A randomized trial of crystalloid versus colloid solution for prevention of hypotension during spinal or low-dose combined spinal-epidural anesthesia for elective cesarean delivery.Int J Obstet Anesth. 2007 Jan; 16(1):8-12.IJ
Spinal anesthesia for cesarean delivery is commonly associated with hypotension and nausea and vomiting, and preload with crystalloid or colloid solution is widely recommended. Low-dose spinal via the combined spinal-epidural technique appears to cause less hypotension and nausea and vomiting. The aim of this study was to investigate whether the combined use of colloid preload and combined spinal-epidural technique might further reduce the rates of these symptoms.
Women undergoing elective cesarean delivery were randomly allocated to one of four groups (50 in each) to receive crystalloid preload before spinal anesthesia, colloid preload before spinal anesthesia, crystalloid preload before combined spinal-epidural anesthesia, and colloid preload before combined spinal-epidural anesthesia. The incidences of hypotension and nausea and vomiting were compared. Spinal anesthesia was performed with 0.5% hyperbaric bupivacaine 9 mg and fentanyl 20 microg, and combined spinal-epidural anesthesia with 0.5% hyperbaric bupivacaine 6 mg + fentanyl 20 microg followed by epidural injection of 0.25% bupivacaine 10 mL.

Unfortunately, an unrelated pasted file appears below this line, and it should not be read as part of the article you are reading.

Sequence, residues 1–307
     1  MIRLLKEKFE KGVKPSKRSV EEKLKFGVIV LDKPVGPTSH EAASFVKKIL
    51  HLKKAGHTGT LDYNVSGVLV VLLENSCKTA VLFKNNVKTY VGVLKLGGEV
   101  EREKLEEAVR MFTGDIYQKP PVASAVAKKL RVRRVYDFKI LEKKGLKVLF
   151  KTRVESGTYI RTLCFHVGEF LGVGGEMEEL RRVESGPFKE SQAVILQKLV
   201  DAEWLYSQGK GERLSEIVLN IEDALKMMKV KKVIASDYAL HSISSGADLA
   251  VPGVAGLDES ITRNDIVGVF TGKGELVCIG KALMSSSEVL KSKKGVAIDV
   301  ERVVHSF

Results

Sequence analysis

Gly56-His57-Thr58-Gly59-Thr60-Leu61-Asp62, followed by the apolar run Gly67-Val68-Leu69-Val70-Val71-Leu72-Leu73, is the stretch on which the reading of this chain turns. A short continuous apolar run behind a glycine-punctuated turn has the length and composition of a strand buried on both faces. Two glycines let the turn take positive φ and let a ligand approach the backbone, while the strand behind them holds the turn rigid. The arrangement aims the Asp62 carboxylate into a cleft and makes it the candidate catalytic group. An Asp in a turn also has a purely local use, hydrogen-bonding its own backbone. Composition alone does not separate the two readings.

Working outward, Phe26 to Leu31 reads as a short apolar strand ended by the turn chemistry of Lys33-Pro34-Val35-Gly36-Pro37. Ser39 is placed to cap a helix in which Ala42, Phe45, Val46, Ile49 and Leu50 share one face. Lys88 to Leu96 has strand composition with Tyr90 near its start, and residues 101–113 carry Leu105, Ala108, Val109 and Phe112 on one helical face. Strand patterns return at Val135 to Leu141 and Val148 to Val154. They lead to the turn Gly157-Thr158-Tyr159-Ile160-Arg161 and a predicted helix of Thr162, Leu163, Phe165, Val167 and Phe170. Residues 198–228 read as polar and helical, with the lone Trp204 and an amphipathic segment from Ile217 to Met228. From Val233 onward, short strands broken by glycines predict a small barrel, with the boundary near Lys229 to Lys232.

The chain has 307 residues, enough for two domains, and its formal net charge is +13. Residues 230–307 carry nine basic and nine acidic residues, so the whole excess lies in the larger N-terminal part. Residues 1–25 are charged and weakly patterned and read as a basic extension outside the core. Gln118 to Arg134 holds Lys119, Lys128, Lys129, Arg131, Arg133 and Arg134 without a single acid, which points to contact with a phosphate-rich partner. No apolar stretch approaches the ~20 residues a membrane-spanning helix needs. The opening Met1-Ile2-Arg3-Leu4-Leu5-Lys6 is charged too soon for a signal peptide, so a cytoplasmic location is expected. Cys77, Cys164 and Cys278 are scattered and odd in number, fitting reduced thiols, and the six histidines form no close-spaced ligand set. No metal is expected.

The frequencies of hypotension were 44%, 18%, 24%, and 20% in crystalloid preload-spinal anesthesia, colloid preload-spinal anesthesia, crystalloid preload-combined spinal epidural anesthesia, and colloid preload-combined spinal epidural anesthesia groups, respectively. The frequencies of nausea and vomiting were 20%, 2%, 8%, and 4% in respective groups.
Colloid preload and low-dose spinal anesthesia alone or in combination lowered the incidences of hypotension and nausea. However, the combination of two methods failed to demonstrate further decreases in the incidence of the symptoms compared to the colloid-spinal anesthesia or crystalloid-combined spinal-epidural anesthesia groups.